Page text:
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Reliable Lead Trumpet in Ellington OrchestraCopyright © 2001The Scotsman, 2001
Herbie Jones was an important if largely unsung contributor to the Duke Ellington Orchestra in the 1960s. Although he was rarely featured as one of the bands soloists, he often played the crucial role of lead trumpet, and was also responsible for adding a number of arrangements to the bands book. They included contributions to Ellingtons first two Sacred Concerts, as well as Cooties Caravan, written for trumpeter Cootie Williams, The Opener, and The Prowling Cat.
Jazz historian Patricia Willard, who interviewed Jones for the Smithsonian Institutions Duke Ellington Oral History Collection, said in the New York Times that the trumpeter had been allowed the privilege of working closely with Ellington and Billy Strayhorn. They would write musical sketches in his presence, which Jones would then develop into finished parts for the musicians to play.
He began playing professionally at the age of 14. He attended college in Florida for a time, but dropped out prior to his graduation to join band leader Lucky Millinder in New York in 1950. He played in a number of bands before joining Ellington, including those led by Andy Kirk, Buddy Johnson, Cab Calloway and Eddie Barefield, where he was able to develop his skills in arranging and composition.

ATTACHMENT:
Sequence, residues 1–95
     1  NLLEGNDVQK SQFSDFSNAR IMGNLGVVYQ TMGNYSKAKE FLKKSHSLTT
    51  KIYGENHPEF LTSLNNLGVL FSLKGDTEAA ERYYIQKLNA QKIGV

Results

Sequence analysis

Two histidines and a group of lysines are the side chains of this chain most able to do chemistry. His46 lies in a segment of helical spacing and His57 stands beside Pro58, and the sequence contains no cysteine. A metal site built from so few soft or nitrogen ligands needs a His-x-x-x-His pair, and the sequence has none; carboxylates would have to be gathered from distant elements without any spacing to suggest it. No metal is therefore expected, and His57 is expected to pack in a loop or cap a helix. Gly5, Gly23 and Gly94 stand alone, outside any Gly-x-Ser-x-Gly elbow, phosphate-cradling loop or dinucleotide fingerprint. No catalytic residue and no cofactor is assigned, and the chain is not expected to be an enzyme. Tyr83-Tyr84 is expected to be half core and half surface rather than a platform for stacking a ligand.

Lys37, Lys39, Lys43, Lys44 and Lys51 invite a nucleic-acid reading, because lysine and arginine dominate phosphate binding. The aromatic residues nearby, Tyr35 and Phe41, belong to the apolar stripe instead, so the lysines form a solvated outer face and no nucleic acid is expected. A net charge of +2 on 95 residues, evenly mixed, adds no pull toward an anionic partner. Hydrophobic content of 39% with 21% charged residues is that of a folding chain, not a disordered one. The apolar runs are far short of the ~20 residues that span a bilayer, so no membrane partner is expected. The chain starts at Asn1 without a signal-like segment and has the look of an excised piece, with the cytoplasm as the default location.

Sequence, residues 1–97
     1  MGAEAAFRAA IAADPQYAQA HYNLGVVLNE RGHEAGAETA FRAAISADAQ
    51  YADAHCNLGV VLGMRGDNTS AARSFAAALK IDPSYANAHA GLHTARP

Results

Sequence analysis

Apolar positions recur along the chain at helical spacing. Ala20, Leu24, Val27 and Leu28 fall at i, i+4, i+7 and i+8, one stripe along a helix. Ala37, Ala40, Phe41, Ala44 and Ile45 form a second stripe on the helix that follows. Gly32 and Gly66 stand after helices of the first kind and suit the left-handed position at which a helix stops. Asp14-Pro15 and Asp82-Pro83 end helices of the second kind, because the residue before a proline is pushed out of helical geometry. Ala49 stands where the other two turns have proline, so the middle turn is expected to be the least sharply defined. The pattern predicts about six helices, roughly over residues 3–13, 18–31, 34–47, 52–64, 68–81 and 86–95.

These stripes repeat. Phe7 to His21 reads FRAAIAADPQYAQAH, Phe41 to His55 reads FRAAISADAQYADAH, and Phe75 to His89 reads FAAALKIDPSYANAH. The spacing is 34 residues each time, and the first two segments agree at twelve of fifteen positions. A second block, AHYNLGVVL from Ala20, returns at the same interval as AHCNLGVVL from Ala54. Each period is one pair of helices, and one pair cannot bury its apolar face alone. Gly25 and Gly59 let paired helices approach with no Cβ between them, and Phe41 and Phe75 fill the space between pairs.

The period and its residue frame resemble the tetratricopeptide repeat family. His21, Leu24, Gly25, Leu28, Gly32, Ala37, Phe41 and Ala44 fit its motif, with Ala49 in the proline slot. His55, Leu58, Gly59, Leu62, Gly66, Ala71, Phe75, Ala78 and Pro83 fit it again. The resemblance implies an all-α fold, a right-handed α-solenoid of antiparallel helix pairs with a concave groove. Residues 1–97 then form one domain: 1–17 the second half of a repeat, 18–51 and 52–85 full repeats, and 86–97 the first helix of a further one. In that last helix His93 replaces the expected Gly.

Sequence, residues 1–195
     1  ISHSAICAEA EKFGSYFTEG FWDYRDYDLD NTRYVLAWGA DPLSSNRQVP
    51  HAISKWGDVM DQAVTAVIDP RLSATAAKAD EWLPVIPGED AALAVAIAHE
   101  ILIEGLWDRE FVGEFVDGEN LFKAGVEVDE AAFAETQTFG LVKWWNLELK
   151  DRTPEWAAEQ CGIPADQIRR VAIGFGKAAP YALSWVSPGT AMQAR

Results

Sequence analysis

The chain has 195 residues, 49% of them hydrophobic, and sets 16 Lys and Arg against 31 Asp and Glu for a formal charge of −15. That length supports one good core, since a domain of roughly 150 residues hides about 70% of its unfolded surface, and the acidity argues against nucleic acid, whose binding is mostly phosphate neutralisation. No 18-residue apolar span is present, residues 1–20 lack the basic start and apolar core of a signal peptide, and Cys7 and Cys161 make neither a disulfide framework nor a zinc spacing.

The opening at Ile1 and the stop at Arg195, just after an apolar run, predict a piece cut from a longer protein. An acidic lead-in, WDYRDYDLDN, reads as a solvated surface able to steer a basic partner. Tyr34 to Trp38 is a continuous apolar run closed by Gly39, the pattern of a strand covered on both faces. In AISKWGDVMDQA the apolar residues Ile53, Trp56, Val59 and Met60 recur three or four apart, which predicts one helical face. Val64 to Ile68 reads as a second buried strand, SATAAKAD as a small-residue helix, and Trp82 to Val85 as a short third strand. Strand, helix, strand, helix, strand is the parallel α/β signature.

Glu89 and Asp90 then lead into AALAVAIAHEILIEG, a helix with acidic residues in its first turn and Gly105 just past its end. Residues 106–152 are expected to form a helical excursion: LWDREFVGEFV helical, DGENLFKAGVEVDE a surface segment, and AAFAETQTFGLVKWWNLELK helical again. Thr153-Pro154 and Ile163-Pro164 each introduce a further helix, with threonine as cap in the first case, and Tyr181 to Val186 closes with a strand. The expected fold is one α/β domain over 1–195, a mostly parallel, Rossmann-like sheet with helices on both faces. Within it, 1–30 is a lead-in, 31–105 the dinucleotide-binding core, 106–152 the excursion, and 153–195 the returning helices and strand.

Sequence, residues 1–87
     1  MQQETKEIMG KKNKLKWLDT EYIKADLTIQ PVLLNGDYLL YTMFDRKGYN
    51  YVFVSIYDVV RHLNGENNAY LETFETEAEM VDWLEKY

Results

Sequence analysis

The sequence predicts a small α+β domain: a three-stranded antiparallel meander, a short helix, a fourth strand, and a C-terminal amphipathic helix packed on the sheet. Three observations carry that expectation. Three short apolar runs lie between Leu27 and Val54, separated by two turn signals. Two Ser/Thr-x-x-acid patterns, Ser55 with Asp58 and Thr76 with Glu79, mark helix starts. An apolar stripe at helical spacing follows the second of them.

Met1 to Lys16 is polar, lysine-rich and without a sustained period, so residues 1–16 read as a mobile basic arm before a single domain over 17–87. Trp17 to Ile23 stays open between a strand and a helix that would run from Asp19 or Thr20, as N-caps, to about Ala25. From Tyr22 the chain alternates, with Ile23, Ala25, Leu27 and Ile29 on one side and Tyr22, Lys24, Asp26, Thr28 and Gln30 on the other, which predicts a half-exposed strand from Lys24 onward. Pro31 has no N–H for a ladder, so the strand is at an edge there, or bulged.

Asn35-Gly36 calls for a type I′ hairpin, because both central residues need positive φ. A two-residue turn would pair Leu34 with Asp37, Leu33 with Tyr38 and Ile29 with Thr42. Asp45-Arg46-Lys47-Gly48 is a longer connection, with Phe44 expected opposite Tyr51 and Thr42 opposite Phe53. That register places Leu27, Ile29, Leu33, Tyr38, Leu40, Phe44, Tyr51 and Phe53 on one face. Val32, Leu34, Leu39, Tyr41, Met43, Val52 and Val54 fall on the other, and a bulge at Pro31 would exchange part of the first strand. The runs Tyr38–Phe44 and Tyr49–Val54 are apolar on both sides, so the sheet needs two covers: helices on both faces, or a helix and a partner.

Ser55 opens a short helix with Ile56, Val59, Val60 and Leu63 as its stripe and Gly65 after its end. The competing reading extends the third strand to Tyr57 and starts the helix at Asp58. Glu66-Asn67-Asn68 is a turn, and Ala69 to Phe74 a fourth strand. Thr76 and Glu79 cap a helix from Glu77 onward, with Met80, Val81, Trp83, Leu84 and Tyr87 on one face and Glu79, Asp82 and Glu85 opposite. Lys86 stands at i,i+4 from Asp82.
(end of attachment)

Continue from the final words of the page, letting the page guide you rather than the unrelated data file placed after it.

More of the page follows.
He joined Ellington during a tour of the Far East in 1963, linking up with the band in Ceylon, and toured extensively with them. He contributed a great deal to the characteristic sound of the band in that decade. Ellington paid tribute to Joness work in his autobiography, Music Is My Mistress, where he said that he was a great asset to the band from several points of view. A good reader, he played first trumpet whenever required, and he extracted and copied scores accurately. He never demanded any special treatment or consideration. He was neat and clean, neither smoked nor drank, and always walked four miles a day.
Jones explained his reluctance to step out as a soloist to Patricia Willard, saying that he had many opportunities to accept Ellingtons repeated offers to write solo parts for him, but he always declined, because he did not want to be indelibly identified with the Ellington style.
He left the band in the late 1960s in search of a more stable family life than the touring musicianss role could offer, and took on a challenging position as the first director of an alternative arts-oriented school in New York City. Although he gave up performing professionally, he kept his hand in as the voluntary director of the Bugle Corps of the Police Athletic League in Harlem.
He died from complications arising out of diabetes on 19 March, 2001, in New York City, aged 74. His marriage to Gladys Hield ended in divorce. He is survived by two daughters, Jennifer and Priscilla; a son, Herbert Jr.; a brother, Benjamin; and three granddaughters.